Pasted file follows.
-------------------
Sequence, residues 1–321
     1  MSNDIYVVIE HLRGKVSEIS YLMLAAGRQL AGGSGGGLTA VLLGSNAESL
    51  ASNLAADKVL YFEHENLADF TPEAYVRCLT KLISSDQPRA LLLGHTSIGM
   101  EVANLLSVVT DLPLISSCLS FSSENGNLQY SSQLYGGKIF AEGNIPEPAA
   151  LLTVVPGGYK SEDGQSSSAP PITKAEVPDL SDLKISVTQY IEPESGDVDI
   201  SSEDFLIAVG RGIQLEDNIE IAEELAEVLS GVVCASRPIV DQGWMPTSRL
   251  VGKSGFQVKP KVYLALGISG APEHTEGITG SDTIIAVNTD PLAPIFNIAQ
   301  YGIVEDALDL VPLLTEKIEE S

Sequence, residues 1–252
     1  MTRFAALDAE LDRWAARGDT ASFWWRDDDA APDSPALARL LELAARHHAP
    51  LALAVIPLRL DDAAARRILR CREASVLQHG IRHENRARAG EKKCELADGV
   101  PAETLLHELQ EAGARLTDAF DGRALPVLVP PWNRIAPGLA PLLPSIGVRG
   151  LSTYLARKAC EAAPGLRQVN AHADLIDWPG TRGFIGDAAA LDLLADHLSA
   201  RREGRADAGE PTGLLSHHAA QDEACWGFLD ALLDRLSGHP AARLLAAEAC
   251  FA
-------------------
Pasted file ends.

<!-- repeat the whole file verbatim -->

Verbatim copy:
Sequence, residues 1–321
     1  MSNDIYVVIE HLRGKVSEIS YLMLAAGRQL AGGSGGGLTA VLLGSNAESL
    51  ASNLAADKVL YFEHENLADF TPEAYVRCLT KLISSDQPRA LLLGHTSIGM
   101  EVANLLSVVT DLPLISSCLS FSSENGNLQY SSQLYGGKIF AEGNIPEPAA
   151  LLTVVPGGYK SEDGQSSSAP PITKAEVPDL SDLKISVTQY IEPESGDVDI
   201  SSEDFLIAVG RGIQLEDNIE IAEELAEVLS GVVCASRPIV DQGWMPTSRL
   251  VGKSGFQVKP KVYLALGISG APEHTEGITG SDTIIAVNTD PLAPIFNIAQ
   301  YGIVEDALDL VPLLTEKIEE S

Sequence, residues 1–252
     1  MTRFAALDAE LDRWAARGDT ASFWWRDDDA APDSPALARL LELAARHHAP
    51  LALAVIPLRL DDAAARRILR CREASVLQHG IRHENRARAG EKKCELADGV
   101  PAETLLHELQ EAGARLTDAF DGRALPVLVP PWNRIAPGLA PLLPSIGVRG
   151  LSTYLARKAC EAAPGLRQVN AHADLIDWPG TRGFIGDAAA LDLLADHLSA
   201  RREGRADAGE PTGLLSHHAA QDEACWGFLD ALLDRLSGHP AARLLAAEAC
   251  FA